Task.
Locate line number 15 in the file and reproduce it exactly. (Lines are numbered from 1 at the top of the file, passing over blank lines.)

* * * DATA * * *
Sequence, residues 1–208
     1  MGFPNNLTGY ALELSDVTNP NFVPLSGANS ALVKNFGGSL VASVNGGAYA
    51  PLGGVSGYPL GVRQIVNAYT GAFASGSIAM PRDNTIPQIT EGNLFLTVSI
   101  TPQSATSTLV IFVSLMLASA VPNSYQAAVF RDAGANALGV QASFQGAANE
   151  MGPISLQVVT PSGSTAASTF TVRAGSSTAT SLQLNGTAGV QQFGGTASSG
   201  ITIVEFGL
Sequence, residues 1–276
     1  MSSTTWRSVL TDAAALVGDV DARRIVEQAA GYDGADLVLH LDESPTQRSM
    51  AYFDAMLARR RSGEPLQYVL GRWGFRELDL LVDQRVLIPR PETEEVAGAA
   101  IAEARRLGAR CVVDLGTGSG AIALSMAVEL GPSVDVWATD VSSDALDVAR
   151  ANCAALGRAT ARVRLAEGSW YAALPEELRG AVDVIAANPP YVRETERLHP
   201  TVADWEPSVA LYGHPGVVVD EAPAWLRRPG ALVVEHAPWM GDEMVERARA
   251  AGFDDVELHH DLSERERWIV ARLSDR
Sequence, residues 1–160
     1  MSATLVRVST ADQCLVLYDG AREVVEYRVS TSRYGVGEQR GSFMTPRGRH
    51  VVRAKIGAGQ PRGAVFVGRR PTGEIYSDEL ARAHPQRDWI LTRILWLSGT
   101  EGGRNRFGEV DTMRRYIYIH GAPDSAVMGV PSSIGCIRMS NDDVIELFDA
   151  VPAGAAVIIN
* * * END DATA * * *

     1  MSATLVRVST ADQCLVLYDG AREVVEYRVS TSRYGVGEQR GSFMTPRGRH